By Tony Barthel
Why wouldn’t you buy a truck camper? Lack of space? Lack of features? The more I check out various models of RVs in general, the more I learn. I often learn that there are manufacturers out there that are really good at building RVs but not so great at telling their own stories. I am basing that on whether or not I’ve heard of them – which is clearly only one criteria. Such is the case of a company called Host Campers in Bend, Oregon. This small, independent truck camper manufacturer is a company that truly does specialize in building a high-quality, customizable product.
Whenever I start one of these articles I always do as much research into the company and their products as possible, which can often include contacting them directly, looking at other reviews and videos and even seeing one in person if that’s a possibility.
Host campers are from Hogue and Storch, who were the founders of the Beaver Coaches line. The Bend, Oregon, company proclaims their products to be the “ultimate high-end truck campers.” While that’s a lofty claim, what I can report back is that they work with buyers and offer a lot of customization for their various models, all of which are designed for larger pickups.
Host Campers offerings
Their lineup of seven camper offerings includes the Mammoth 11’ 6” model, which is a three-slide pickup camper with a starting weight of almost two tons but with more off-grid liquid storage than many travel trailers. It has 65 gallons of fresh water and 51 gallons of gray water storage.
What’s the deal with the Host Campers Mammoth?
There are a lot of options within the standard configuration of this camper. All units are built to be four-season campers constructed of an aluminum skeleton which is surrounded by gel-coated fiberglass featuring an Azdel substrate. All three slide rooms feature slide topper awnings as just one example of these being a more well-equipped rig.
But there are lots of choices to make. First of all, know that when the slides are in you won’t be, as the rear slide completely blocks the only entrance, which is on the camp side. If your plans include quick overnighters at rest areas and parking lots, know that everybody’s going to know that you’re in there as you have to push out all the slide rooms to gain access to all the features. Period.
Options in the Host Campers Mammoth are surprising
But talking about options, the rear slide has three which you can choose from. One of those is to simply have a bunch of storage in a closet. If you’d rather have a place to practice your leisure lifestyle, there’s a couch with add-on flip-up footrests. But what surprised me the most was the available laundry fittings in the slide.
Yes, that’s right. You can get a pickup camper with a washing machine. That option includes an RV washer-dryer and some storage. I have to say I was surprised to see it.
The camp-side slide is where you’ll find the majority of the galley with a sink set into some really nice “Grani-coat” countertops with a number of standout color choices. There’s also a choice of a three-burner stove with an oven or a three-burner cooktop and drawers underneath.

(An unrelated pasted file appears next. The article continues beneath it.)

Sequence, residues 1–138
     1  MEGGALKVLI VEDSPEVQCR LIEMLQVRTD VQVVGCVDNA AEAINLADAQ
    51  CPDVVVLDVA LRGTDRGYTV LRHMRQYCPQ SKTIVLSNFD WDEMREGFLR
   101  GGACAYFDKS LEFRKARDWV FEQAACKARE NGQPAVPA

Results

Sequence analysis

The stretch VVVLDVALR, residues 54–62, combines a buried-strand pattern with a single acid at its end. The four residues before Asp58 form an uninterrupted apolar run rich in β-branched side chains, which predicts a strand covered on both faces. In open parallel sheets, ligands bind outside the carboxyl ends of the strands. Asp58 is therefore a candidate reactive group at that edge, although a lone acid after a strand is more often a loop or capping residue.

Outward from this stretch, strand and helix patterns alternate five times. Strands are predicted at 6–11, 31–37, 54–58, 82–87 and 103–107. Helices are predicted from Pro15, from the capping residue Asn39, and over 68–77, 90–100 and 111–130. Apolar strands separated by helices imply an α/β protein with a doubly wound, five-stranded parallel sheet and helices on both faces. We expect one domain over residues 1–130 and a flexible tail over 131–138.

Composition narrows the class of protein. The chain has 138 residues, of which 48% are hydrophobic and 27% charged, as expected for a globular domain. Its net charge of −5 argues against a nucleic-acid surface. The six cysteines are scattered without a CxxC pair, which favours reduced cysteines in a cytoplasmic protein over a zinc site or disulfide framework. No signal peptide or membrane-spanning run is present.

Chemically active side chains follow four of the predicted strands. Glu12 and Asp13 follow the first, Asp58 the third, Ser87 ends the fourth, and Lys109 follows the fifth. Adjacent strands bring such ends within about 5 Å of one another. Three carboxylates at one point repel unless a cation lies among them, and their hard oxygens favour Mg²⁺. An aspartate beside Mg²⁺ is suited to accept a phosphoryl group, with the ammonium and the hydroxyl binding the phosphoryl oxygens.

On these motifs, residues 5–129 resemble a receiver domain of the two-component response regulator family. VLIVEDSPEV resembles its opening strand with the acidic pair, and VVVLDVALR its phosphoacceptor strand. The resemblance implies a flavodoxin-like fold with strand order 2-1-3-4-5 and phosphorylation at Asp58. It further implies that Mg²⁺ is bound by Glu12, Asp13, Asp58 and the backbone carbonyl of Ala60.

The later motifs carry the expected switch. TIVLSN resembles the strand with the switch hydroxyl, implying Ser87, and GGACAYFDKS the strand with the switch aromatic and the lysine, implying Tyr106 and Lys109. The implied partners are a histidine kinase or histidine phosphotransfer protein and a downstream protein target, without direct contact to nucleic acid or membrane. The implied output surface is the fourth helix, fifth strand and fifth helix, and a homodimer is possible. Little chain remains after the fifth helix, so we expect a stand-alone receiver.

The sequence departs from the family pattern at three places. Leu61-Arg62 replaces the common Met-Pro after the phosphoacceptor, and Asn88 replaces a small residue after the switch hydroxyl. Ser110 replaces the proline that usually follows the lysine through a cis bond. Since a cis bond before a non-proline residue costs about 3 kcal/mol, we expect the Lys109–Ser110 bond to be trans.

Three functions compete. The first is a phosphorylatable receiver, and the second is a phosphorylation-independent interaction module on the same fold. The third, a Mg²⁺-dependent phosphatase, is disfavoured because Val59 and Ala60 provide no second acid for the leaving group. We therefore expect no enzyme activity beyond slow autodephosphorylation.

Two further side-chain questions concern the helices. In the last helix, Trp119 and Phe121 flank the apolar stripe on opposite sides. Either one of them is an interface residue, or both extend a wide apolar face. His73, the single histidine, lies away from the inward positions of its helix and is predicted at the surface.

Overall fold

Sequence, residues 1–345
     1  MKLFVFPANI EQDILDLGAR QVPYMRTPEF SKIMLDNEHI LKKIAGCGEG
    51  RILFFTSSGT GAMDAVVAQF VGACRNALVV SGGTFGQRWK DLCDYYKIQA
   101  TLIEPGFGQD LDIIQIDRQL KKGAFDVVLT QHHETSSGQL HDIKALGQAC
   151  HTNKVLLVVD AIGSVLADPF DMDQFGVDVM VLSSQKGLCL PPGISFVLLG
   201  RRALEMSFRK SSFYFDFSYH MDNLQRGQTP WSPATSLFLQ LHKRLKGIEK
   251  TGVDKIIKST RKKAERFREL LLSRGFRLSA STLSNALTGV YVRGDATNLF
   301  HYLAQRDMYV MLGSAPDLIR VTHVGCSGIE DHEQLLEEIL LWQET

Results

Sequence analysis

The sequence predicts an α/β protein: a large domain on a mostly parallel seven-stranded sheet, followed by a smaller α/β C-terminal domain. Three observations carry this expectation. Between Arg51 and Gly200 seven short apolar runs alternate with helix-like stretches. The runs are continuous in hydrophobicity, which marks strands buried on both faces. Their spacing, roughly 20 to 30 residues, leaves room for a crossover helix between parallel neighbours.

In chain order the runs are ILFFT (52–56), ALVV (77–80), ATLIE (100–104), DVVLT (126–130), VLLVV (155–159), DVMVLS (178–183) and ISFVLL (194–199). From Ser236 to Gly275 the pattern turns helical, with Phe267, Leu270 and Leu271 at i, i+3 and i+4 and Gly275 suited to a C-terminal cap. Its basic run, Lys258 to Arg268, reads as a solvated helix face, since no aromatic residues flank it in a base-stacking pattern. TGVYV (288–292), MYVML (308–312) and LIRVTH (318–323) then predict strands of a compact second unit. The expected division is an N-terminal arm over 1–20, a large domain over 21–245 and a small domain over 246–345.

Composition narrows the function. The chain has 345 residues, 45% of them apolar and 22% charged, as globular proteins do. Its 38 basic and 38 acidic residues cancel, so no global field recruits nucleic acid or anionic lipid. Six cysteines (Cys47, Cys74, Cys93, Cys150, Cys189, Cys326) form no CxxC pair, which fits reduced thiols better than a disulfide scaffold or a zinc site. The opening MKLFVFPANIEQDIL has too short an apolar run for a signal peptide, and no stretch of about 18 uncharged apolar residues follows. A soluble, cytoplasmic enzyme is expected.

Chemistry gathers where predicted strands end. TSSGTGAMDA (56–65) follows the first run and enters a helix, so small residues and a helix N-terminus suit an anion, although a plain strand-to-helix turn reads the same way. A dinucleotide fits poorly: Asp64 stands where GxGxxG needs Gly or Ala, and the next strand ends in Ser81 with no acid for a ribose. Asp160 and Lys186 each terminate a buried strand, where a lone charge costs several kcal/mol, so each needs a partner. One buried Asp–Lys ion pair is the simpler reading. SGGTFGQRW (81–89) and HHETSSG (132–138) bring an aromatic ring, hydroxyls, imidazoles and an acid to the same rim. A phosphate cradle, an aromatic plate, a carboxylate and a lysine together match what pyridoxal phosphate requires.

Host is now using 12-volt refrigerators in these campers. This is a nice change, especially if you opt for some of their off-grid functionality. Next to the fridge is more storage space.
On the road side is the second slide, which encompasses almost the whole length of the main section of this camper. In it is either a U-shaped dinette or a couch and table.
The bathroom in the Host Campers Mammoth is interesting
The way Host pulled off the bathroom in this unit is interesting, with the toilet and sink in the slide room. In the middle of the camper is a permanent shower stall. There’s a folding door that separates you from the other campers when the bathroom is being used.
In front of the shower stall structure, you can have a fireplace that faces the main living area (who’s going to be the first RV company with an electric fireplace in the bathroom?) and the entertainment fittings.
While you might not expect there to be any bedroom options, there are actually four. Two of those offer the option of the bed in the middle of the space with cabinets on either side and over the headboard area. You can pick either a king- or queen-sized mattress.
The other two offer the king-sized mattress skewed to the road side of the camper with either a long or short cabinet build on the camp side.
There are probably a lot more people who would appreciate a truck camper than actually get them. This is because I believe there are a lot of prospective buyers who bypass this configuration since they perceive them as crowded or having few onboard resources.
Another factor is that you do have to have a substantial truck to tote one of these Host campers around. That, too, may be a turn-off for some buyers. For others, they would relish the big diesel dually.
I think something like this dispels the myth that a truck camper is crowded, poorly built or lacking in features. I’m glad someone mentioned Host Campers as they had not been on my radar. But I would certainly advise someone to give them a look if they have any interest at all in a truck camper. Especially one with a Host of surprises.
And there’s your pun of the day.
These RV reviews are written based on information provided by the manufacturers along with our writer’s own research. We receive no money or other financial benefits from these reviews. They are intended only as a brief overview of the vehicle, not a comprehensive critique, which would require a thorough inspection and/or test drive.
Got an RV we need to look at? Contact us today and let us know in the form below – thank you!